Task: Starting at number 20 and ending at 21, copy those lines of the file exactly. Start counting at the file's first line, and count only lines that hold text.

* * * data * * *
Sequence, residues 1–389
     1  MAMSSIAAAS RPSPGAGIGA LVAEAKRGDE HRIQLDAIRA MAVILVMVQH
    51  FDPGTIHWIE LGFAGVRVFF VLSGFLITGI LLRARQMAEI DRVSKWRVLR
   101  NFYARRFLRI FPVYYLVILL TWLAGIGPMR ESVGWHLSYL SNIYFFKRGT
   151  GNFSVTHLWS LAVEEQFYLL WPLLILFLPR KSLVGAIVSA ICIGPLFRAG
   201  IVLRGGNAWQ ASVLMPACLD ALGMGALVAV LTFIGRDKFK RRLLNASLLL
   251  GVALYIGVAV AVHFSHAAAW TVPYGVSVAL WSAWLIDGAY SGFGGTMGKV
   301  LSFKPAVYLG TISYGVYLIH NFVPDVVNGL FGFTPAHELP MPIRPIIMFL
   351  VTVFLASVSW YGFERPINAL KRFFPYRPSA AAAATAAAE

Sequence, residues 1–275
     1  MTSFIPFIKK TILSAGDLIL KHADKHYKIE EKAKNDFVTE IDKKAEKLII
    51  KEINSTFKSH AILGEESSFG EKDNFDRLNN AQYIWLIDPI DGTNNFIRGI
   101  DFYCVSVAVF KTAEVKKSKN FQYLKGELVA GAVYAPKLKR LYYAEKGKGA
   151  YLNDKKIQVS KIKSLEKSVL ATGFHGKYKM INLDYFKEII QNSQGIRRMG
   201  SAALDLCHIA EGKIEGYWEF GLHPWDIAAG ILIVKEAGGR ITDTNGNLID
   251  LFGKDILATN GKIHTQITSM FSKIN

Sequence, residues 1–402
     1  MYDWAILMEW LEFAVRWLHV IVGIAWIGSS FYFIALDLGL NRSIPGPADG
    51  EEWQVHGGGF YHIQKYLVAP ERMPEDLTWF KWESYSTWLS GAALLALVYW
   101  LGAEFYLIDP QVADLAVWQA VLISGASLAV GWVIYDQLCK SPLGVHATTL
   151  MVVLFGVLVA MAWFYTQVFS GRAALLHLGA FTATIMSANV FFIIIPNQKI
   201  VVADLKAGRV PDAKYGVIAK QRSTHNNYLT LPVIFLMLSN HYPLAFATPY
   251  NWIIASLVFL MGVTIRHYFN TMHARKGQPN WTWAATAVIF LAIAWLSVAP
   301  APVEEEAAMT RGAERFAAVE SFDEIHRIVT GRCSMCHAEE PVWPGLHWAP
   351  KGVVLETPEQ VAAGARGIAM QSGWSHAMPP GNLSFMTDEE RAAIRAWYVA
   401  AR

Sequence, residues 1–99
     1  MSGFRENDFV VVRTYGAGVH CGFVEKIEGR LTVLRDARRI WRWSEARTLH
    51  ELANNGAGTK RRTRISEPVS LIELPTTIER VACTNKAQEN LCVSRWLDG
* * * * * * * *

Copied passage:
   101  LGAEFYLIDP QVADLAVWQA VLISGASLAV GWVIYDQLCK SPLGVHATTL
   151  MVVLFGVLVA MAWFYTQVFS GRAALLHLGA FTATIMSANV FFIIIPNQKI